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Abandoned coal mines are getting a second life with 'untapped energy source': 'Turning ... this liability into a resource'

"This opens up an opportunity …"

"This opens up an opportunity ..."

Photo Credit: iStock

Abandoned coal mines will soon serve a new purpose that will benefit the environment thanks to an initiative from the Biden administration.

In May, it was announced that $450 million from the Inflation Reduction and Infrastructure laws will be used toward clean energy projects, like solar farms, at former coal mines.

"In a less predictable climate and in a warmer world, this opens up an opportunity for turning this legacy, this liability, into a resource," Natalie Kruse-Daniels, a professor and director of the Environmental Studies Program at Ohio University, told CNBC.

In addition to solar farms, the coal mines provide a new opportunity to use geothermal energy. CNBC explained that the water found at abandoned coal mines typically contains heat from below the Earth's surface. Drilling holes can bring that heat to the surface to be passed through heat exchanges and heat pumps in buildings and homes.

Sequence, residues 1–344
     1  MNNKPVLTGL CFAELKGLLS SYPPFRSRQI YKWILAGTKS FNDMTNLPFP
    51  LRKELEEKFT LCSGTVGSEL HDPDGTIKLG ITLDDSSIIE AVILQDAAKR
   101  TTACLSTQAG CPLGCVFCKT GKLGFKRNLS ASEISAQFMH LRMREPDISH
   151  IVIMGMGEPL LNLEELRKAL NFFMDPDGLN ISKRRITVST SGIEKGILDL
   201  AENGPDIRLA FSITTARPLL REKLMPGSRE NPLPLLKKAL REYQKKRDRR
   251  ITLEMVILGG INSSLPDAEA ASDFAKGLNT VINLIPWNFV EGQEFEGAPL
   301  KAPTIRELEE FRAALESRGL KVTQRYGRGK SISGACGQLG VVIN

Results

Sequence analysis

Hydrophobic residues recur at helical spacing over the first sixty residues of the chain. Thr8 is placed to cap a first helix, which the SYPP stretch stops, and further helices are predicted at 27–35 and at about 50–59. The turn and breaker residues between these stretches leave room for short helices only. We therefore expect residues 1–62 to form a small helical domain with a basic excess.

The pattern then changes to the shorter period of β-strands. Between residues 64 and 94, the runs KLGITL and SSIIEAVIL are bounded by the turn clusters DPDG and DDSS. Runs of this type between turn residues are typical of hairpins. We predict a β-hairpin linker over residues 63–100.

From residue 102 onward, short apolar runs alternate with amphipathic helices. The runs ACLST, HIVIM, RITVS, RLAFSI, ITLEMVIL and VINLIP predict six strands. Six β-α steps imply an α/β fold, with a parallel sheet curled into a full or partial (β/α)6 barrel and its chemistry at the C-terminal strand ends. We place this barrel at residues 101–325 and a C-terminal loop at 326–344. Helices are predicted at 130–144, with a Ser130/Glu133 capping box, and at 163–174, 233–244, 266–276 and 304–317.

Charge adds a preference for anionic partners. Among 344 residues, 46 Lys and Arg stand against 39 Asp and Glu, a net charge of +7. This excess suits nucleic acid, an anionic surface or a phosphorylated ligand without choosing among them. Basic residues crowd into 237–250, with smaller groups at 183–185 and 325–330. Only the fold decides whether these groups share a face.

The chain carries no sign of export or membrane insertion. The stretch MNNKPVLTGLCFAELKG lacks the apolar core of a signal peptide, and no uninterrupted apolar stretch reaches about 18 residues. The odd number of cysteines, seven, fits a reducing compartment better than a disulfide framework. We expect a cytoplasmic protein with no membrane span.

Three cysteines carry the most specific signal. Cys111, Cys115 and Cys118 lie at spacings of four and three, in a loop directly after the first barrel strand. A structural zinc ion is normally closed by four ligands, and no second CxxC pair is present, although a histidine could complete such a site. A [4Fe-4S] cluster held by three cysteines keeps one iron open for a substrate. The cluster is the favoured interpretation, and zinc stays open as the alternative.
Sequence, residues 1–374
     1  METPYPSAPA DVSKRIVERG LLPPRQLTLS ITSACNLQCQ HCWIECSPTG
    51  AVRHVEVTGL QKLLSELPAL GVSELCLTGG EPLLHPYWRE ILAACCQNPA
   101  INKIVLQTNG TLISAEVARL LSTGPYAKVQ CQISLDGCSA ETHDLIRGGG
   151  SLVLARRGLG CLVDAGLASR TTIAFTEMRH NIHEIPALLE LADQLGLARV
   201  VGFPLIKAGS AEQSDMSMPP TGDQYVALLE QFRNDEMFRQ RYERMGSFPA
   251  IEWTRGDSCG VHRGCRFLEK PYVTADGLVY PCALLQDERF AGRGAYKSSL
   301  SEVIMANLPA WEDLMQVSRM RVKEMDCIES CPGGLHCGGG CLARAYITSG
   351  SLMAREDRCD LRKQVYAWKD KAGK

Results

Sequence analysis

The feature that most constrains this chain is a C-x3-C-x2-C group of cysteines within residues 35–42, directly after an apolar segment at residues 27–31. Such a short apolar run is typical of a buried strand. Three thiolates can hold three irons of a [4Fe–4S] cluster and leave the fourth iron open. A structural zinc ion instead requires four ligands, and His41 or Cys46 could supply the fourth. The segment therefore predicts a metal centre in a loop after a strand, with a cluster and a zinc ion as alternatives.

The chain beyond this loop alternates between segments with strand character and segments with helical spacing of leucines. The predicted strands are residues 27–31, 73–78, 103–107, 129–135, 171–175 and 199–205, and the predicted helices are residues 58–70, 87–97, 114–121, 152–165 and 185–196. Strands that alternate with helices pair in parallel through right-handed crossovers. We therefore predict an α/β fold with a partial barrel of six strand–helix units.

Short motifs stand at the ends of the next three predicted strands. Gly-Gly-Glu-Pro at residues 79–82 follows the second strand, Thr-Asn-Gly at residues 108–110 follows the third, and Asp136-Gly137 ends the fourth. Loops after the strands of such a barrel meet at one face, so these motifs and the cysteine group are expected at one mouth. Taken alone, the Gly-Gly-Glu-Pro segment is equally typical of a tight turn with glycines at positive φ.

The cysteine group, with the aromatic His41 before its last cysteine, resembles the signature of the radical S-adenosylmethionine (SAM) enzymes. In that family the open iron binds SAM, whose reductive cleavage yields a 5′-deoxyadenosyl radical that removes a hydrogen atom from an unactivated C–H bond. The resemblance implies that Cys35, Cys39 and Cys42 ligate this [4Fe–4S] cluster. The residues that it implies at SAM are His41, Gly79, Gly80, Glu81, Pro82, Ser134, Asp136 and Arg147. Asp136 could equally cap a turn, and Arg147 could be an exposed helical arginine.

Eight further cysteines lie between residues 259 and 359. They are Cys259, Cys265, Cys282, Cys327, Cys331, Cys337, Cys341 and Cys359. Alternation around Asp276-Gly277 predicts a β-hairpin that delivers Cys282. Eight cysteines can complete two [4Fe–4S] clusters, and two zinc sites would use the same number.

Geothermal energy has a dual benefit, as it can be used for both heating and cooling purposes.

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The initiative followed a similar effort from the government in Great Britain, as the country launched a mine-water heating operation near the end of March that would impact over 1,200 homes.

"Each minable scheme poses its different challenges, and there will be expenses involved with drilling boreholes or laying district heat network pipes in the ground," explained Gareth Farr, head of heat and by-product innovation at the Coal Authority in Mansfield, England. "But hopefully most of these schemes, if not all of them, will be able to operate at a similar or better cost to the traditional fossil-fuel heating schemes we have at the moment."

Coal fields exist in at least 20 states in the U.S., including more than 4,000 abandoned coal mines in Ohio alone. Kruse-Daniels and her students at Ohio University have been studying which coal mines are close enough to town to be used for geothermal energy.

"It's this untapped energy source that could reduce bills, that could make energy more efficient, that could reduce some reliance on fossil fuels," Kruse-Daniels said.

Farr added, "We can store heat in mines, and we do hope that actually this could become part of vital heat storage. Storage is key, of course, for a lot of renewable energies."

While Americans wait for geothermal energy, they can take advantage of the Inflation Reduction Act by using money provided by the government to renovate their homes with energy-efficient technology like heat pumps or induction stoves.

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